How long has it been since he lived with a romantic partner? It's been almost 3 years for me and I am so ingrained in my routine that I wouldn't consider staying the night at someone else's house until we'd been dating for months. I would be so anxious I'd just lie awake all night. So, another vote for it means nothing about you or his interest in pursuing more. Don't waste your time reading something into it.
posted by AFABulous at 9:45 AM on November 29, 2016 [2 favorites]

Yeah, I think that sleeping together is more intimate than having sex, and I sometimes will also be the one to get up and leave after a good romp, even with someone I'm serious about. That and I don't sleep well with new partners because I'm too self-conscious about snoring or farting or talking in my sleep or whatever.

I wouldn't take it personally at all. Maybe invite him to stay next time and reassess the situation then.
posted by greta simone at 10:35 AM on November 29, 2016

Dating is one big experiment. You can hypothesize the result and micro-read the intermittent data, but the only way to find out the result of the experiment is time.

Two people, in a petri dish of a relationship, plus time, and you find out what the result is. The result might explode in your face, or fizzle, or just keep on going. But you've got to let the experiment run its course to find out for sure.

It sounds like the date went well. I don't think anyone here can give you any answer at this time though.

Don't try to hurry the experiment along. Don't try to force a result. Be a scientist. Keep your eyes open and clear, and it will be obvious whether this is something or this is nothing.
posted by St. Peepsburg at 10:47 AM on November 29, 2016 [3 favorites]

I never slept over at a guys house I was not living with in my entire history of having sex as an adult. Not even once. And I promise you it was not for lack of sex having and this included committed relationships. I would not read too much into it.

Some people also just aren't at their best in the morning, so he might not want to show you that on Date 2.
posted by corb at 11:33 AM on November 29, 2016 [2 favorites]

There aren't rules other than the ones the two of you establish. Talk to him about this, not us.

For what it's worth, I wouldn't assume I was invited to stay over unless I was invited to do so. It's not clear from your description, but it sounds like you may not have said, "You should stay over." If I'd said something like "It's getting late, I should go," and got no response other than "I'll walk you to your car," I'd probably walk out to my car.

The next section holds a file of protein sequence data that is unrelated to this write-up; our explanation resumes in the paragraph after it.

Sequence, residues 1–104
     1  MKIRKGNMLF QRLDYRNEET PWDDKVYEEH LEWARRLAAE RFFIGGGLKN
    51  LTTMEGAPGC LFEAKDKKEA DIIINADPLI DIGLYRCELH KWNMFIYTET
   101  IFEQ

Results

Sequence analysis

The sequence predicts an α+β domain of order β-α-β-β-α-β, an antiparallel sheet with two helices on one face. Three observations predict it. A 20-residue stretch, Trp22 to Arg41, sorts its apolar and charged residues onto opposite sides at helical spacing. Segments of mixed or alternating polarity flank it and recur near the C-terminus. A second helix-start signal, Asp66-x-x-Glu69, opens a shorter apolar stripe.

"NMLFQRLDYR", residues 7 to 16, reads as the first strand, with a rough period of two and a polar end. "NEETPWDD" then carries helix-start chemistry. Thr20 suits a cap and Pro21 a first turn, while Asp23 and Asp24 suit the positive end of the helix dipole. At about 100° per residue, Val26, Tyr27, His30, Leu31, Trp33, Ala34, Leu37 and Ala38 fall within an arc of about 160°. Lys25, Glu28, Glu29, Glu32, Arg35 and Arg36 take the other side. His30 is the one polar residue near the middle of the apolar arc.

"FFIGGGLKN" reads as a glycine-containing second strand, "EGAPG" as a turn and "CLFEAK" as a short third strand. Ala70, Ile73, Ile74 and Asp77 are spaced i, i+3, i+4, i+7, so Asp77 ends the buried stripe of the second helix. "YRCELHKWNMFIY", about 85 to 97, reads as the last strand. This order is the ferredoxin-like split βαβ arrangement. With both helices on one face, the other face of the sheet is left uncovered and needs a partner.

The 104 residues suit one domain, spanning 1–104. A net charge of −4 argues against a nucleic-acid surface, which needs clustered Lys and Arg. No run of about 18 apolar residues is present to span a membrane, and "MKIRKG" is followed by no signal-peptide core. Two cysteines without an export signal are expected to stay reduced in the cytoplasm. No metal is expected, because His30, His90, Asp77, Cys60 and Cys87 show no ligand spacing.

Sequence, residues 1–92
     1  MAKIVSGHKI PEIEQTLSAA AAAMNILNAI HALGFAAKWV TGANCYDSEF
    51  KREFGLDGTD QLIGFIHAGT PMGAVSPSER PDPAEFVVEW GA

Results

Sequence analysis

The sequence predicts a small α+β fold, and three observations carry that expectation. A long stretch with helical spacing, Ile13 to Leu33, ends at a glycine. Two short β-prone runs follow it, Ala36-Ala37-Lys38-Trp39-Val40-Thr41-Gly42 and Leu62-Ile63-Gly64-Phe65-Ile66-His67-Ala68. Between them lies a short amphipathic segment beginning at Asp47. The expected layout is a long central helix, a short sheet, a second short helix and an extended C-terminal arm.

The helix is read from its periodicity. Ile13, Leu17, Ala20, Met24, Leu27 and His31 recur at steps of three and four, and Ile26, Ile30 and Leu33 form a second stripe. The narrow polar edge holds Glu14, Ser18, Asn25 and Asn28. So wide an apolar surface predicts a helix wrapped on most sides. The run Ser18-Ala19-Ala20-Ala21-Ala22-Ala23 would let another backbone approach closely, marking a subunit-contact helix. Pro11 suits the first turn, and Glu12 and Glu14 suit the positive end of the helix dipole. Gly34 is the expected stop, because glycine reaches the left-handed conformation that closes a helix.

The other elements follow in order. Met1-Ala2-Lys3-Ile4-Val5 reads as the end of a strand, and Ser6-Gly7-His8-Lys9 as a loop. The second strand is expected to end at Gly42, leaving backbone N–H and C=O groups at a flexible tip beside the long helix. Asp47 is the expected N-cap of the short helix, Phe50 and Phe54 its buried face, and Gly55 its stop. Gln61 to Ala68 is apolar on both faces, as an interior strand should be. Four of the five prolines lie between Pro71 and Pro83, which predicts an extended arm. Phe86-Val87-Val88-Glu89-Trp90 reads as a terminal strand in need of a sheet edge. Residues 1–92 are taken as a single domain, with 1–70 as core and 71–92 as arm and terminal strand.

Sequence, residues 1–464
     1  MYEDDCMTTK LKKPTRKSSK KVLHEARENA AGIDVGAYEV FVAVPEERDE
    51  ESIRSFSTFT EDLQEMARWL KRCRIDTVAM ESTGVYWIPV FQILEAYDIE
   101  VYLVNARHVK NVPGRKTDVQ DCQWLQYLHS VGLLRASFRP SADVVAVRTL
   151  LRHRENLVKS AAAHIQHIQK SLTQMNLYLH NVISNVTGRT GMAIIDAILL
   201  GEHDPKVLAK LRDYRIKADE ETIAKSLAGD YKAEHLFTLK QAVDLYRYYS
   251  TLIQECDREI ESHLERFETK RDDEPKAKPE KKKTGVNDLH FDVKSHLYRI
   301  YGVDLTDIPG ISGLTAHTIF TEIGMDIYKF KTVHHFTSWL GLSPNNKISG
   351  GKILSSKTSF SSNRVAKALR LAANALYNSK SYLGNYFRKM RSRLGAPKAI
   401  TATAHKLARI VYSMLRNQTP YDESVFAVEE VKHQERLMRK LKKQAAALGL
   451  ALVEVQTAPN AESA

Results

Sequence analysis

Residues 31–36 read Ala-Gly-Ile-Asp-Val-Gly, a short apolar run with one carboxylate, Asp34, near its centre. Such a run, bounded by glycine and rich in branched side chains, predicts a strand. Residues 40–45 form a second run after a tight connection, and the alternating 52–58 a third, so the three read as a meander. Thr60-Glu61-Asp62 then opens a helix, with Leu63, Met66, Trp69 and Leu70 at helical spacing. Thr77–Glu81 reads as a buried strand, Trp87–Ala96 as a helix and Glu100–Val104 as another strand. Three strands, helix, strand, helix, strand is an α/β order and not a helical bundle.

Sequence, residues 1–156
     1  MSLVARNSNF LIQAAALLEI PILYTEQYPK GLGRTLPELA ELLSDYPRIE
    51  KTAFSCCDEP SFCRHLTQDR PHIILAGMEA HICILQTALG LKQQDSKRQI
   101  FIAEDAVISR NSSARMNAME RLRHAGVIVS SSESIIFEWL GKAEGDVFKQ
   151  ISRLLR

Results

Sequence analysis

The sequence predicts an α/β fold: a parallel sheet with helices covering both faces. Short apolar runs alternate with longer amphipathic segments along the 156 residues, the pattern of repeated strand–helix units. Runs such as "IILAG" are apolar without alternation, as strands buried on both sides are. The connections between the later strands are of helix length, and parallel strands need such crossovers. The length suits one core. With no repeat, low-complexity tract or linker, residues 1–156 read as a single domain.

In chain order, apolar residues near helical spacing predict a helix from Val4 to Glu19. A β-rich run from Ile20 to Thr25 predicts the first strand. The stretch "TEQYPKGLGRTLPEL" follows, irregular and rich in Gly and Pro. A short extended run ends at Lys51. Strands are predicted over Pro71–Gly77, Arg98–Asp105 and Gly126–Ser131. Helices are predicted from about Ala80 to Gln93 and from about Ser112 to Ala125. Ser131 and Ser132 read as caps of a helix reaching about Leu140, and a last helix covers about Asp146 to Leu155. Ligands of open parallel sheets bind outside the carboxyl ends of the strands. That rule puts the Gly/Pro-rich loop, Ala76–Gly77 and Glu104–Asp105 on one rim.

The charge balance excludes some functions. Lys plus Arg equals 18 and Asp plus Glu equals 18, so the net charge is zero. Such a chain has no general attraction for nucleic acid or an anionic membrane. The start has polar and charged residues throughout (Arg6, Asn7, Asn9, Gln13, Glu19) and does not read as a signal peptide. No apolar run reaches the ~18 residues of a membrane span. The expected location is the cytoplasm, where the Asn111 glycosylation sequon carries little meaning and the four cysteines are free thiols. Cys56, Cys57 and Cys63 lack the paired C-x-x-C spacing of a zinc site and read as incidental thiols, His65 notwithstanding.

posted by late afternoon dreaming hotel at 12:03 PM on November 29, 2016

Personally, I really like being cuddly and relaxed and half-asleep together- that's a huge part of what I like about sex- so I choose to only involve myself in interactions where that vibe is part of the mix (which could totally happen on a first date, and which could totally not happen with a longterm relationship- in my experience, that comfy-affectionate-sleepy vibe is not intrinsically linked to duration of relationship). If I am told, or if I strongly get the feeling, that a sleepover wouldn't be welcome on a given night, I probably wouldn't do sexual things that night.

I think it's totally ok for people to have sex and then not sleep over- it's just not what I want. Everyone's different, and it's certainly something you can talk about and ask for what you need... with a caveat: If what you want is a stay-over, there are some people who will simply never want to stay over for whatever reason-- but if you explicitly make staying over a condition for sex, they might stay over reluctantly or transactionally. That is something I definitely do not want, and it can be hard to navigate with a new person, so sometimes, depending on the partner and the general forthrightness of their communication, I might try to use vibes and indirect communication rather than direct communication when sussing out someone's sleep-over preference, because in my observation, directly communicating about this desire does not always lead to the outcome I actually want, which is twofold: staying over AND feeling enthusiastic about it.